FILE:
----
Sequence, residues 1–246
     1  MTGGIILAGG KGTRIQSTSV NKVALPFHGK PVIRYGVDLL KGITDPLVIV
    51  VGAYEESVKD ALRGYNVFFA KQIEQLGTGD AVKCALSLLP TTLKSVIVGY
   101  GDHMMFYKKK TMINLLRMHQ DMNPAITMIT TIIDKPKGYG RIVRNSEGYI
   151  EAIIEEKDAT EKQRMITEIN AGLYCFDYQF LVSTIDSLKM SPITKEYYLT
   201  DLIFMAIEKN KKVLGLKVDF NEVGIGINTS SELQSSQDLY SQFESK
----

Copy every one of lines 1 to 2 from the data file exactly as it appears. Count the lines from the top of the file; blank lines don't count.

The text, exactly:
Sequence, residues 1–246
     1  MTGGIILAGG KGTRIQSTSV NKVALPFHGK PVIRYGVDLL KGITDPLVIV